Bouncing Letters within a Word. Set type on larger point size line using spaces equal or slightly smaller than the width of the letter to make it sit height or lower on the line.
Angled Lines of Type. If the angle is slight, feed the paper at an angle. Ticks for doing this include drawing lines on the tympan and taping the non-gripped corner down as you crank. Or, place line of type between slugs into its lock-down column. Set angle as desired with a quad above and below, as shown.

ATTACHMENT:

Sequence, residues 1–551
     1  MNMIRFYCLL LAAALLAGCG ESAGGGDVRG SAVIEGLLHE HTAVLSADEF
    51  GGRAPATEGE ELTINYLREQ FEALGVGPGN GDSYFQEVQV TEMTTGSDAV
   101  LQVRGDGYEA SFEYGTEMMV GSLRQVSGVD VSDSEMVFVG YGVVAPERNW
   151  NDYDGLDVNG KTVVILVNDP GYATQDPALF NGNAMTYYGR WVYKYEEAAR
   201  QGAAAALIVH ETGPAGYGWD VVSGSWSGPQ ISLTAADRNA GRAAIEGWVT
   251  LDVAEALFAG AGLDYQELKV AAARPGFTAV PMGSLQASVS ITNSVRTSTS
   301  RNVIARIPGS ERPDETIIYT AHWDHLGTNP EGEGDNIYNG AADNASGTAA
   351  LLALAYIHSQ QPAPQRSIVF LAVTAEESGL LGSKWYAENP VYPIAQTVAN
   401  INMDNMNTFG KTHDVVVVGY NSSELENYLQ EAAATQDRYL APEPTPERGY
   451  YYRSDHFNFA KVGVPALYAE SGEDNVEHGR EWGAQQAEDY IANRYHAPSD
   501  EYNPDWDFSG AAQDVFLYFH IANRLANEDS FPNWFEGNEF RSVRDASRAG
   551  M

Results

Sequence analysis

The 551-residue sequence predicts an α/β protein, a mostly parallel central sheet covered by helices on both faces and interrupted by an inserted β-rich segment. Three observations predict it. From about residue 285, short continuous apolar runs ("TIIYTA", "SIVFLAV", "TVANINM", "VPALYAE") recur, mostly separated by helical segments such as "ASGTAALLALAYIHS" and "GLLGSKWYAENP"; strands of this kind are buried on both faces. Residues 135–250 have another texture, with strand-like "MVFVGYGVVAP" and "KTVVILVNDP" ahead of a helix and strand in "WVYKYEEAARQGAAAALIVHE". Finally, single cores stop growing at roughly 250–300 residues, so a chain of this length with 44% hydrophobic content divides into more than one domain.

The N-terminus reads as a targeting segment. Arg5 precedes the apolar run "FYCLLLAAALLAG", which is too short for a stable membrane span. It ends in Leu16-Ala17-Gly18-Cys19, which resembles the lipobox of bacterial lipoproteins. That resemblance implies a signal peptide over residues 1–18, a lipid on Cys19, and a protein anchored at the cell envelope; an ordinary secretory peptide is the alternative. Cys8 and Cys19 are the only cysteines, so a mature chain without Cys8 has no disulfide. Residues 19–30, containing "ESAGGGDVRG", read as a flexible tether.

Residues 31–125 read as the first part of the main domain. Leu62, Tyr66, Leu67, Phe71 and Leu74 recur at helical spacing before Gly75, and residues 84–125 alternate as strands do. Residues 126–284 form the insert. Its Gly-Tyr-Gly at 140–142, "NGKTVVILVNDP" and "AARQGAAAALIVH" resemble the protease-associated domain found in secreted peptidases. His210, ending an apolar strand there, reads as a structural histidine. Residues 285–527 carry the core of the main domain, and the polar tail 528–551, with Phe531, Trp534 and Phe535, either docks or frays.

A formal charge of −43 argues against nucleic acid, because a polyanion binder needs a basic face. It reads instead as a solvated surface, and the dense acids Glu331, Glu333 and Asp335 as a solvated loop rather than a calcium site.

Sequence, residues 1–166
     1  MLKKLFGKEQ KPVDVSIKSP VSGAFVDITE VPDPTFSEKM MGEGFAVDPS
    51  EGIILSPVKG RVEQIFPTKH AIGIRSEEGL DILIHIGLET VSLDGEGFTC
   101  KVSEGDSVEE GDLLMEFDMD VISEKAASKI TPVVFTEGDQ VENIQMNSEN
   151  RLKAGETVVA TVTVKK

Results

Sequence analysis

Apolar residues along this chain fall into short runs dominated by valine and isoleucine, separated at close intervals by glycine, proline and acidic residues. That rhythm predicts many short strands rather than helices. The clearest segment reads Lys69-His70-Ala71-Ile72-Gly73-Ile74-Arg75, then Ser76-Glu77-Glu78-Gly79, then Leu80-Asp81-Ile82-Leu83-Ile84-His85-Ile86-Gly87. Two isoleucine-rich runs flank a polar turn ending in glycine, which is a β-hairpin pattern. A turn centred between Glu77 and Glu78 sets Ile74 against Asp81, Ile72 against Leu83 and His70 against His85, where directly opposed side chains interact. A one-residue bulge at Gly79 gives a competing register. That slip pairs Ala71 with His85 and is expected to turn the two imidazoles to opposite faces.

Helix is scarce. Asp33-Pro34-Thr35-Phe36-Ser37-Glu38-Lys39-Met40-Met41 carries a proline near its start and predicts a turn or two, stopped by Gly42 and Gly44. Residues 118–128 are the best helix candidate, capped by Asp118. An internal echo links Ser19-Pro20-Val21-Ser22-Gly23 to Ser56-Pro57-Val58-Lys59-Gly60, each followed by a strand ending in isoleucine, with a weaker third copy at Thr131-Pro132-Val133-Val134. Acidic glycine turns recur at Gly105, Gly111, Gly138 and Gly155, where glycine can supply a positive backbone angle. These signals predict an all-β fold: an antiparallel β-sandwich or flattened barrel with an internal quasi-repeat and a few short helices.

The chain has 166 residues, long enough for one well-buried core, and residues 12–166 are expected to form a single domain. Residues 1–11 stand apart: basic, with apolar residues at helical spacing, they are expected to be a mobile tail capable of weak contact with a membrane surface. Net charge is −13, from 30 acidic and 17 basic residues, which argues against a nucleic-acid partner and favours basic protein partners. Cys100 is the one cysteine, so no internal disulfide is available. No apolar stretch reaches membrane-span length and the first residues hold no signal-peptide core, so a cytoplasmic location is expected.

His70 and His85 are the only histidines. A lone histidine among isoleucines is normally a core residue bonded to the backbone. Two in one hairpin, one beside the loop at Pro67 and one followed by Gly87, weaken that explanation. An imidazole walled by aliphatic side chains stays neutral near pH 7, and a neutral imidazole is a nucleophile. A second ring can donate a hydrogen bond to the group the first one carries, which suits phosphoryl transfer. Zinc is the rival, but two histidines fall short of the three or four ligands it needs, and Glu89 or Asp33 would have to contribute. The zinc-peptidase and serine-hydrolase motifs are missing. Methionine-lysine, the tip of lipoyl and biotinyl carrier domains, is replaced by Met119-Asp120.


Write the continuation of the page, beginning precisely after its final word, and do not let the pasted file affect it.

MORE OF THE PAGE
Angled Letters within a Straight Word. Set on larger point-size line like bouncing letters. Turn letter to be angled and fit 6 or 8 point em or em quads into the triangular spaces left over to make it tight.
Angled, Bouncing and Curved Letters. You can use plywood that has been drilled and/or scroll sawed with holes for the pieces of type at the desired place and angle. Also see Jen Farell's wood furniture for her ampersand series in slide show.
Setting Type within a Shape. Create a shape with masking tape rolls, thin leading, cookie cutters, or other cut shapes that are less than type high, but high enough to support type. Fill with type from the hell box until it is quite tight and won't wiggle. Support this irregular shape carefully with furniture on sides to support and keep it secure.